Remove Thin Blue Line Flags from Police Uniforms? Readers Weigh In.

By Calibre Press  |   Aug 25, 2021

Not surprisingly, Jim Glennon’s recent commentary on the Mt. Prospect, IL Village Board vote to remove thin blue line flag patches from their police officers’ uniforms drew spirited response. Those Board members who voted to remove the patches cited a belief that they reflected a symbol of hate perpetuated by actual hate groups who, those Board members claimed, have used the thin bue line flag as a symbol of their warped beliefs…although actual evidence of that is difficult, if not impossible to come by.

The majority of our readers who responded to the piece felt that the removal of the patches represented a misguided, ignorant act of disrespect for the true spirit of the meaning of that symbol. Others were troubled by the addition of the thin blue line image to any version of the flag. Although not an argument brought forth by the Board, those readers felt the image was inappropriate and possibly a violation of law, although department decision-makers had confirmed the artistically altered image they chose was in fact not in violation of any flag-related law.

Here’s a sample of some of the responses we received:

Chief Deputy Dale Ward with Box Elder County Sheriff in Utah writes:

This is despicable to say the least. Not sure if you heard but the Black Lives Matter leader in Utah, Lex Scott, tried to say the American Flag was a symbol of hatred and anyone who flew it was a racist.

Here is one of the many articles covering the issue.

Thank God my leaders in Utah stood up to her and denounced her claims.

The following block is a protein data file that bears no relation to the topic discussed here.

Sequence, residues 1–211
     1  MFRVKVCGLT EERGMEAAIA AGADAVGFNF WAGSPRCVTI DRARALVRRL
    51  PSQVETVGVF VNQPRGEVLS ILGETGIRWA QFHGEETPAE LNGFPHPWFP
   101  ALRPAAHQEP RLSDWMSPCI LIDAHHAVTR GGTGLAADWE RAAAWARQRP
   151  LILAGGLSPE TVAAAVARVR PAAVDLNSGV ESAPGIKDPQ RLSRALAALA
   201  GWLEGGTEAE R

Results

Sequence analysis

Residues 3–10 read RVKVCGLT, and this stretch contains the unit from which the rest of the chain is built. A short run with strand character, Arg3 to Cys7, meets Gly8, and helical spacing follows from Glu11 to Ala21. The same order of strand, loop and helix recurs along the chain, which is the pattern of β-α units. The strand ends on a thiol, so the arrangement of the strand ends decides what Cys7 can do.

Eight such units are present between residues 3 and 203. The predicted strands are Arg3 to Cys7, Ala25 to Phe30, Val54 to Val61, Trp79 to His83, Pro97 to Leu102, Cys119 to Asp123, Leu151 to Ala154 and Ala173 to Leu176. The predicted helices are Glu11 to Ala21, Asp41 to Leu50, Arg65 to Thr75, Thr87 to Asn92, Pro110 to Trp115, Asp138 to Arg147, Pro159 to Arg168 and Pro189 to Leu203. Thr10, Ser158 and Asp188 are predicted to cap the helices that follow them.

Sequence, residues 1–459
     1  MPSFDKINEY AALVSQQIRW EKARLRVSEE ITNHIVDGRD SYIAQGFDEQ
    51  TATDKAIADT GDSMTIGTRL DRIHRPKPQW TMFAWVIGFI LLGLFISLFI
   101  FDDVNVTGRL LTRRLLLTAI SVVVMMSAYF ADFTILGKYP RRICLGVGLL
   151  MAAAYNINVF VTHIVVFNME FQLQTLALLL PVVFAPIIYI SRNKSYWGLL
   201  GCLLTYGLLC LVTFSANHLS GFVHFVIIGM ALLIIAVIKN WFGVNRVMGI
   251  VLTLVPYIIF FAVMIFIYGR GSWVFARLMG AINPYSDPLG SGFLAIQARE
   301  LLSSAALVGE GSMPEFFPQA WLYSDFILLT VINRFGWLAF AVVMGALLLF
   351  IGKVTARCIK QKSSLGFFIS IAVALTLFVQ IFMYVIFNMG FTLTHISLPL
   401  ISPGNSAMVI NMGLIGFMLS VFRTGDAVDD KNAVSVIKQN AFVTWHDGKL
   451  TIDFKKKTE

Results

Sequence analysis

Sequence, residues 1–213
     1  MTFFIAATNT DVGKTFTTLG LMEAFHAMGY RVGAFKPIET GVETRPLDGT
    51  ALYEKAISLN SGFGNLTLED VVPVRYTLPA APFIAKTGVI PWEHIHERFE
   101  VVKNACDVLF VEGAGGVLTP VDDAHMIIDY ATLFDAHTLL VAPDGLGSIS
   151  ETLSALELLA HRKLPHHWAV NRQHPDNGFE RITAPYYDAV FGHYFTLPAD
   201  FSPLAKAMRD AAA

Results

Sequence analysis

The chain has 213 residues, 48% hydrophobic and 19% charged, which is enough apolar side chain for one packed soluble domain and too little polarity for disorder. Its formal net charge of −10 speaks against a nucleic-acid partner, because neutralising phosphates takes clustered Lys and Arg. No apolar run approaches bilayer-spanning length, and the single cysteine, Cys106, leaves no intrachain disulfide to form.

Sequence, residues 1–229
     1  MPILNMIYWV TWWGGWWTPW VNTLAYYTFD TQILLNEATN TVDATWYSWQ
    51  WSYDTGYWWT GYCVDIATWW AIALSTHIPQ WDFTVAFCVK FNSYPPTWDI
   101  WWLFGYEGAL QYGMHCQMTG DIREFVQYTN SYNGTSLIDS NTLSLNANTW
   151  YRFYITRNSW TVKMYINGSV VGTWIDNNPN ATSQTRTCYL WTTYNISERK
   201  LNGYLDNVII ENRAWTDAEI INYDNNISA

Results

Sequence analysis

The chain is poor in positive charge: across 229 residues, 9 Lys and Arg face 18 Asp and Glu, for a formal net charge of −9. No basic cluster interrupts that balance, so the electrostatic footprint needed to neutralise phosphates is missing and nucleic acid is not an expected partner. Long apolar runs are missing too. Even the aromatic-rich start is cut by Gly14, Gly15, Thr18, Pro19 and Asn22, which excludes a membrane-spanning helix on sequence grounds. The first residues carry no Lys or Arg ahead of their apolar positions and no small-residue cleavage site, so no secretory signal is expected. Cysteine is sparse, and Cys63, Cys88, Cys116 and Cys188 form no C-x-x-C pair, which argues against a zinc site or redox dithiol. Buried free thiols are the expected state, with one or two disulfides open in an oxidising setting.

Great article and your thoughts are spot on. I cannot believe how the leaders of our local governments, states and as far as that goes, the nation are caving to the whims of these groups. 

I am so thankful to live in a county where the majority of our citizens love and respect the police. Almost daily I have someone who thanks me for my service. I cannot imagine living in a hateful environment and trying to work under those conditions. We work hard every day to continue building relationships with our citizens. 

Thank you for your service and your articles and opinions. 

Sgt. James Reschke (ret.), San Diego PD & Cook Co. (IL) Dept. of Corrections

There is no doubt this action is an insult to the local officers as well as officers everywhere. This won’t be the last insult either. The police profession has absorbed these insults for many years, yet they will carry onward.

The best people who support law enforcement can do is to vote these political representatives out of office. The people need to let these elected officials know their decision is not supported by the people.

Symbols have meaning. Symbols are important. They carry history. The thin blue line represents police officers. It also reflects meaning in our flag, as a symbol of strength, and hope for a better society, a more perfect union, a better United States.

Sgt. Sean A. Conner with Mill Creek (WA) Police writes:

I just read your editorial on the “Blue-Line Flag.” I agree with your view that “political correctness” is getting out of control. But I knew this would happen forty years ago when I read “Fahrenheit 451” in high school. Hopefully, our society will come to its senses long before it gets that far. 

Having said that though, I would also say that because there has been so much co-opting of that flag by extreme right-wing pinheads, it may be in the best interests of law enforcement to set aside, at least for the time being, the outward representations of it on uniforms, vehicles, buildings, etc. I think that the social environment is so highly charged and polarized that any symbol that creates dissent among the uninformed is only going to backfire on those who know the true history and meaning behind some of these images.

As for me, though, I know the intended meaning of the “Blue-Line Flag” and having been in this job now for over thirty years, I am inclined to not give it as much importance as the actual flag its design is based upon. Before I came to law enforcement, I was an officer in the United States Navy and my first oath and allegiance was, and still is, to the Constitution and the flag that represents it. Now, if they come for that flag, then I’ll have an issue.